President Ma Ying-jeou’s (馬英九) re-election campaign office yesterday denied that China had gotten involved in his presidential election campaign because of concerns about Ma’s plummeting support, while insisting that his camp opposed any political interference from China.
Ma’s campaign office spokesperson Lee Chia-fei (李佳霏) dismissed a story in the Chinese-language Next Magazine that The United Front Work Department’s office in Shanghai had invited the local directors of Ma’s support groups to visit China from Nov. 17 to Nov. 21 in an attempt to boost Ma’s re-election chances amid a neck-and-neck battle against Democratic Progressive Party (DPP) Chairperson Tsai Ing-wen (蔡英文).
“The camp firmly opposes any political interference from the mainland in elections in Taiwan. We are also opposed to any attempt to intervene in Taiwan’s elections through the mainland,” she said.
Photo: George Tsorng, Taipei Times
According to the magazine, the trip, led by the deputy honorary chairman of Ma’s support group in the sports industry, Chang Chao-kuo (張朝國), was arranged by the Chinese Communist Party’s United Front Works Department head in Shanghai, Yang Xiaodu (楊曉渡).
A total of 28 local directors of Ma’s support groups around the nation, including Chang, were invited to tour Shanghai and Suzhou, -Jiangsu Province, on the five-day trip, which was paid for by the Chinese Communist Party’s Shanghai office.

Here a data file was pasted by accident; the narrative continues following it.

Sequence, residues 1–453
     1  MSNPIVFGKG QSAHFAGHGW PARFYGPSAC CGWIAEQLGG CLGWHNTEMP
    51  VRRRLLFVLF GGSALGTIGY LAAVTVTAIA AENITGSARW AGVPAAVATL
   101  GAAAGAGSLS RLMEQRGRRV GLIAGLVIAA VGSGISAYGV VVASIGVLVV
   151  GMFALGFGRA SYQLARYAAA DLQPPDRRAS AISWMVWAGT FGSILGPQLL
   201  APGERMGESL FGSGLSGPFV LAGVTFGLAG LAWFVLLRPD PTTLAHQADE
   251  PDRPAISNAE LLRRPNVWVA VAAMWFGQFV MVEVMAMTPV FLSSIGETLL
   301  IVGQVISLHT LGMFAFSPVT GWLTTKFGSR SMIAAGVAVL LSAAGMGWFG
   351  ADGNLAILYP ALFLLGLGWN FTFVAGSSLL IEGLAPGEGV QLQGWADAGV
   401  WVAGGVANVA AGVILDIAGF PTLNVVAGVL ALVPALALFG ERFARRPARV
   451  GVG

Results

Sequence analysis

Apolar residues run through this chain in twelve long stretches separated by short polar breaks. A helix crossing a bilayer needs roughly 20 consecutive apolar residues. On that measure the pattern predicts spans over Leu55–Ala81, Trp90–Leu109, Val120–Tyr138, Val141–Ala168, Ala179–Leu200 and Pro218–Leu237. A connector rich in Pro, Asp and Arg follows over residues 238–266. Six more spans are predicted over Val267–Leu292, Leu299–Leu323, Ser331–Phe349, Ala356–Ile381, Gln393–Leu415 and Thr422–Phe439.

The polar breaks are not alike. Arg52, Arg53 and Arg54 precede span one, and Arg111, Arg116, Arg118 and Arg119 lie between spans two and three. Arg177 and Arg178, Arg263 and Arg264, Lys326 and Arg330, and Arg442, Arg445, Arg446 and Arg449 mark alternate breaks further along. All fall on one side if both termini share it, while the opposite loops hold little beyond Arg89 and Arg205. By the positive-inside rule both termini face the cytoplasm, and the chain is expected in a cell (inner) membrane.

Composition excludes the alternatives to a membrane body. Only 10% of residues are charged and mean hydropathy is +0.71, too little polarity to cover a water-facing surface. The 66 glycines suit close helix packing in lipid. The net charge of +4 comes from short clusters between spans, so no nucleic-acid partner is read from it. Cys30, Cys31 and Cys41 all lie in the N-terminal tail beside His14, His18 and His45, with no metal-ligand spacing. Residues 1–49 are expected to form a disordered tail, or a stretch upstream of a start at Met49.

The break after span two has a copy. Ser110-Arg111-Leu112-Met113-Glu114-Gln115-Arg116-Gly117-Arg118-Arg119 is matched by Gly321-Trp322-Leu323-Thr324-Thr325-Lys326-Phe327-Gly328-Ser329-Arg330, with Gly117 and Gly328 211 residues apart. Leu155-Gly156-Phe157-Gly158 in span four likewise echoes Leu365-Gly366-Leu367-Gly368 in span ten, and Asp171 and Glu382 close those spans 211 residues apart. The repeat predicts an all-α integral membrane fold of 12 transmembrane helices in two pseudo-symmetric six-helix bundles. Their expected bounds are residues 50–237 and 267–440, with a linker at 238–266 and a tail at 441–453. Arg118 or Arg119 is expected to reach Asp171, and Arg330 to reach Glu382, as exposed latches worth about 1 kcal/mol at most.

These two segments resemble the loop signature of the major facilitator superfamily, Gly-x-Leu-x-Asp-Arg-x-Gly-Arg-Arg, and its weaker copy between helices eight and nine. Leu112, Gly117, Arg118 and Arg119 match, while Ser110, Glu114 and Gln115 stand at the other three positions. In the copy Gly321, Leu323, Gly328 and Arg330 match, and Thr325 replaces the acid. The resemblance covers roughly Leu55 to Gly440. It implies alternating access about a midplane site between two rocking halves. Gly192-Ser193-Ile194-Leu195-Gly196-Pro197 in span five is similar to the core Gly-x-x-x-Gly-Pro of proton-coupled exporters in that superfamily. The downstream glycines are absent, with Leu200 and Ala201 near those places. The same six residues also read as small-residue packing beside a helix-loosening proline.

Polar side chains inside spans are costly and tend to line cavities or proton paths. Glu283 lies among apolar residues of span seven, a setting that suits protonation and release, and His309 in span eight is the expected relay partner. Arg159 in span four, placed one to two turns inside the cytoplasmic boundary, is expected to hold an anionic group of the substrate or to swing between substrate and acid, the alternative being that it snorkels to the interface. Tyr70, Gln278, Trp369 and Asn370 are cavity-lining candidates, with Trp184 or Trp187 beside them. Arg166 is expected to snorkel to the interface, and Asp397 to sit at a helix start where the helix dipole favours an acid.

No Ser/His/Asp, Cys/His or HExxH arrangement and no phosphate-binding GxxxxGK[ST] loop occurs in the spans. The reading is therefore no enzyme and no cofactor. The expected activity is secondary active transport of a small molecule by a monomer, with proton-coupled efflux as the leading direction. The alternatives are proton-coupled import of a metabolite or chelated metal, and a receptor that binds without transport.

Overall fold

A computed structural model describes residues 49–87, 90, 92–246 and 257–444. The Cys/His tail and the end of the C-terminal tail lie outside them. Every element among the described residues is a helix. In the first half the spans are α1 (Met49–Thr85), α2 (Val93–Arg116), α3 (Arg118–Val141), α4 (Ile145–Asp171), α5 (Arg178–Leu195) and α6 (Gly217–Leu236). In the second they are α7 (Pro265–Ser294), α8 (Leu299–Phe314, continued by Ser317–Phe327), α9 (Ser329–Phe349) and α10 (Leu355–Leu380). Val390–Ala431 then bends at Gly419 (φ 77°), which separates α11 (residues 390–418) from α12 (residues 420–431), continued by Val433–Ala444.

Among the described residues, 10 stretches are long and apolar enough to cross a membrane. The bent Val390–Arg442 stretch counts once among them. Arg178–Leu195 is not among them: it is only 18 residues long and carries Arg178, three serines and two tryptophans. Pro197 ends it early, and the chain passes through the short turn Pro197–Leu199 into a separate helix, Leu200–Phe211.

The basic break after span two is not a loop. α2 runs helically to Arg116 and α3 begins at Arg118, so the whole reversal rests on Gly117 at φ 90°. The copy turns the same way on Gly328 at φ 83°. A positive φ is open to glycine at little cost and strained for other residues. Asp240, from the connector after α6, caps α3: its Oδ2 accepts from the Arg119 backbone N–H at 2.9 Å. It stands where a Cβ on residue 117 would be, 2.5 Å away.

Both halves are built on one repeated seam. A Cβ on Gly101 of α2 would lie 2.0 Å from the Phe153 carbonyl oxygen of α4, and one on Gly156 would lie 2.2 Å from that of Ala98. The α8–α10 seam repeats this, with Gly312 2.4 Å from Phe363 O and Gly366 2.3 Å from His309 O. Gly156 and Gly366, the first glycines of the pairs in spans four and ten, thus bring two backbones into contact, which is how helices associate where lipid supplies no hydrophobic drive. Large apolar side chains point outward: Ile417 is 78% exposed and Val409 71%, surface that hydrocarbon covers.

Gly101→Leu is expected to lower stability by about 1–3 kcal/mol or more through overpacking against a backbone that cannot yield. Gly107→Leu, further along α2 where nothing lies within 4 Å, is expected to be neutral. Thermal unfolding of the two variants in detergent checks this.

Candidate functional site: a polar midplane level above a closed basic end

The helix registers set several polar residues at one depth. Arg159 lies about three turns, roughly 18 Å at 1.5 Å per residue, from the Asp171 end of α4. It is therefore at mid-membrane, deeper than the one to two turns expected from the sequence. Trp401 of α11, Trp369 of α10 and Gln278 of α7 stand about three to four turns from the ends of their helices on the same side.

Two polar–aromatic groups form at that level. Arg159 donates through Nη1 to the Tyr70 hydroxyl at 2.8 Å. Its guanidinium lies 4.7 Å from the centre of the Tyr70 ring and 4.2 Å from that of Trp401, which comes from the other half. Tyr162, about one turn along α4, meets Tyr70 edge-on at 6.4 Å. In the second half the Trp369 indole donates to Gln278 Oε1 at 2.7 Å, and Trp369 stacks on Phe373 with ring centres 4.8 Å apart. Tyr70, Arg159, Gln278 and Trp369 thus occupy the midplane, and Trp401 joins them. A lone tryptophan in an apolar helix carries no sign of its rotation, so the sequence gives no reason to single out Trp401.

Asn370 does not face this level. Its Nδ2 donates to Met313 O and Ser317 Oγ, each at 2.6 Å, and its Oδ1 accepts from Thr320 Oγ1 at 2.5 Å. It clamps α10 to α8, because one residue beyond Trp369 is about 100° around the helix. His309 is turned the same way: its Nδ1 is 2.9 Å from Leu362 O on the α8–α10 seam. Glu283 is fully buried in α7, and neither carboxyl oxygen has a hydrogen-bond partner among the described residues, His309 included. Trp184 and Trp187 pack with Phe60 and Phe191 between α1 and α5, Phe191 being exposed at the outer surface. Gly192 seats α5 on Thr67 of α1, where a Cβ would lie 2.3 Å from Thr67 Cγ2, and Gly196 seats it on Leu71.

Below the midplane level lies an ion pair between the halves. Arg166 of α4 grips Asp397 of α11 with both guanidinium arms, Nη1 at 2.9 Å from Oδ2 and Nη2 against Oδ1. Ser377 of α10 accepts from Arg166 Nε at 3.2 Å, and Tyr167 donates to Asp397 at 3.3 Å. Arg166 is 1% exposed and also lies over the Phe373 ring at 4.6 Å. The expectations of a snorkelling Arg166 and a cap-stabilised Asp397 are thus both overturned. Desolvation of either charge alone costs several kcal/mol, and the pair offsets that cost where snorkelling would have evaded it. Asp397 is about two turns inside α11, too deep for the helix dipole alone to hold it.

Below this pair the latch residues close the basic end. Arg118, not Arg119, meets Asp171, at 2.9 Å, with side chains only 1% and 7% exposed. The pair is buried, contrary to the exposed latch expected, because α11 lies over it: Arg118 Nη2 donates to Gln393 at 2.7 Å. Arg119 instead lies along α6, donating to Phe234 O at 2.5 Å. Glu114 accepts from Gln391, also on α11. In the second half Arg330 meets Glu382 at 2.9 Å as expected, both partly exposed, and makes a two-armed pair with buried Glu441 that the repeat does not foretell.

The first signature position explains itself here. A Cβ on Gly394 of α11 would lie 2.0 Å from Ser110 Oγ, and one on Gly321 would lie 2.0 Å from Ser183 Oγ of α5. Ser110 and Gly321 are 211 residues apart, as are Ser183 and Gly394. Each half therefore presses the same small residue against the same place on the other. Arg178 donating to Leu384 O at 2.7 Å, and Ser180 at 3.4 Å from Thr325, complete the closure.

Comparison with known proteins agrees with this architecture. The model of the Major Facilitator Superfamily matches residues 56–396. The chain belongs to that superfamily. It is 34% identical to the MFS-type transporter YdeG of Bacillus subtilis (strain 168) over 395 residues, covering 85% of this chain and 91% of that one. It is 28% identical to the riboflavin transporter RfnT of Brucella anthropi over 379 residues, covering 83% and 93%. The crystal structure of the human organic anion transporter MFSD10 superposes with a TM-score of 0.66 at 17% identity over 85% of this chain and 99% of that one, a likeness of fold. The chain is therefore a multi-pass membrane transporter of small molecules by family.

During the trip, Yang openly called on the directors to strengthen efforts to help Ma’s election campaign.
Suzhou officials even expressed opposition to People First Party (PFP) Chairman James Soong’s (宋楚瑜) participation in the presidential election, calling on the PFP chairman to stay out of the race to avoid affecting Ma’s re-election chances.
Lee yesterday insisted that the trip to China was an “individual decision” made by Chang and the other support group heads, adding that Chang and the others should explain their visit and the details of the trip to the public.
While declining to confirm whether the Ma camp would bar support group officials from visiting China before the presidential and legislative elections on Jan. 14, Lee repeated that the camp would not allow China to interfere in the election.
Meanwhile, Tsai urged Beijing to refrain from interfering in Taiwan’s elections, saying this was a “basic guideline for any civilized country.”
Tsai, who was traveling along Taiwan’s southwest coastal areas in a five-day campaign trip, made the comments in response to the Next Magazine report.
“I hope Beijing will respect Taiwan’s democracy and the choice of the Taiwanese people and refrain from interfering in Taiwan’s elections,” she said in Yunlin County. “[Maintaining a neutral position to elections in another country] is the basic guideline for any civilized country.”
Tsai said there had been many reports of Chinese officials receiving various Taiwanese groups and organizations, so she was not surprised about the case.
At a separate press conference called by the DPP’s caucus in Taipei, DPP Legislator Tsai Huang--liang (蔡煌瑯) urged Ma to call for Beijing’s neutrality on Taiwan’s presidential election.
“Beijing’s continued interference with our elections would eventually erode Taiwan’s -democratic system, identity and sovereignty,” he said. “President Ma is advised to clearly state his position to China that no one should interfere in Taiwan’s elections.”
DPP spokesperson Chen Chi-mai (陳其邁) last month listed five ways in which China had interfered with the run-up to elections, including sending provincial-level purchasing delegations and providing incentives for Taiwanese businesspeople in China to return to Taiwan for the January elections.
Soong, when asked for comment on the Next Magazine report, said “Taiwan’s democracy cannot tolerate intervention from outside forces.”
Additional reporting by staff writer
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